Commercial vehicles - road to zero emissions: part 3
Technology is paving the way.
It's no secret that we must reduce carbon emissions to keep our planet livable for future generations. Transportation is one of the most important sectors where we can make a difference. Commercial trucks are a huge part of the transportation industry, and they account for a large number of emissions.
This article covers some cutting-edge technologies helping us move towards zero-emission commercial vehicles. We'll look at solid-state batteries and hydrogen fuel cells to see how these technologies will pave the way to zero emissions!
Challenges with current technology
There are reasons why commercial trucks haven't been electrified on a large scale. One of the main challenges is that battery electric vehicles (BEV) have a higher upfront cost than traditional diesel trucks. Although prices have declined for battery electric vehicles, lithium batteries are expensive and make up a significant portion of the upfront cost.
Commercial truck batteries' lifetime estimate is between 300,000 and 500,000 miles. While they could last longer, the magic number for the industry for warranty appears to be around eight years. And just like your mobile phone battery, time and cold weather conditions hinder the battery's performance, lowering the vehicle's range.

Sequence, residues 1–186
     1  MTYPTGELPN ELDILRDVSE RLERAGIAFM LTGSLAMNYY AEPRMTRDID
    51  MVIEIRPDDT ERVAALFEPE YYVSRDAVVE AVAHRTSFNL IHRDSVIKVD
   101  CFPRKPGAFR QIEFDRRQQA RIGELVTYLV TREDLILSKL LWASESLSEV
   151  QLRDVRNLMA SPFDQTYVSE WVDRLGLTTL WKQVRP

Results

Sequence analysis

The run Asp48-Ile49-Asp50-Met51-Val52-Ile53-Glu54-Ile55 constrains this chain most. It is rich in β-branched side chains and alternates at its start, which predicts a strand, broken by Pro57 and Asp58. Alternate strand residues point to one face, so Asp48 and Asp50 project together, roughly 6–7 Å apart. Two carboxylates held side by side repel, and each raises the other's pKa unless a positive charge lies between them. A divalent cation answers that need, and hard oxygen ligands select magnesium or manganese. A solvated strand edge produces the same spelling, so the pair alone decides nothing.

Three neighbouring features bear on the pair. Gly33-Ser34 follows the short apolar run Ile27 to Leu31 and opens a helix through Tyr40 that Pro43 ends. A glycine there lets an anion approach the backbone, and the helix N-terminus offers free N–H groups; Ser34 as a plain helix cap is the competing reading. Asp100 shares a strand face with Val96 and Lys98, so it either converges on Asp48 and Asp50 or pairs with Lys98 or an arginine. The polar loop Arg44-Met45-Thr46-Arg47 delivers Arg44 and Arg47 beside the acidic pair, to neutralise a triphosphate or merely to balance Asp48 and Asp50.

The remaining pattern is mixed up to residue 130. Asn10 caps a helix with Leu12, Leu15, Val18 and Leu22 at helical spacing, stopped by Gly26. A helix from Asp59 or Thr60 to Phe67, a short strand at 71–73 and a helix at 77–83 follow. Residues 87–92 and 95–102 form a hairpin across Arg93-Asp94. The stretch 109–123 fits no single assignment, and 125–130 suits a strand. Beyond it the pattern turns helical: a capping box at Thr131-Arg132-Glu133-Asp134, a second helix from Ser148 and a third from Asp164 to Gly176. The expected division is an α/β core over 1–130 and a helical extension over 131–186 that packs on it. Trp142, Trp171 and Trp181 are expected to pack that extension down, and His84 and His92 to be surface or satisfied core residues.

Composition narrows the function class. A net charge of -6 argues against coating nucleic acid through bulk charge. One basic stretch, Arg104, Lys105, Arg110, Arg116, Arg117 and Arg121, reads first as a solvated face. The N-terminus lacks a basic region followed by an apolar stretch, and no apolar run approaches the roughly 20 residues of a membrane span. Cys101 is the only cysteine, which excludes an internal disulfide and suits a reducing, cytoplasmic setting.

The current price per kWh to produce an EV battery is around $128 and is expected to drop to $110. Freightliner's tandem drive eCascadia has one of the larger batteries at 438 kWh. That's an estimated replacement cost of nearly $50,000 for a battery of this size. Ouch! Even worse, as the demand for raw materials increases with the adoption of electric vehicles, battery prices are expected to turn back up later this decade.
Another challenge hindering electric trucks is the shorter range compared to diesel trucks with an internal combustion engine. The shorter range is a major concern for commercial truck drivers who often travel long distances. And finally, there are still some infrastructure challenges when it comes to electric vehicles. We need more charging stations to support the growing number of EVs on the road.
Thankfully it is not all doom and gloom. Technology is evolving rapidly, paving the road to zero emissions for commercial trucks. While battery-electric vehicles garner most of the attention, fuel cell electric vehicles show amazing promise to compete and be a viable option for zero-emission trucks.
Solid-state batteries are dubbed the perfect battery and provide one of the most promising technologies on the horizon. They offer several advantages over traditional lithium-ion batteries, including higher energy density, longer life span, faster charging times, and improved safety.
Solid-state batteries utilize a solid electrolyte instead of a liquid, making them more stable and safer than lithium-ion batteries. One issue with lithium-ion batteries is dendrites, the needle-like structures that grow inside the battery. Over time, dendrites can hinder battery performance and even lead to a fire.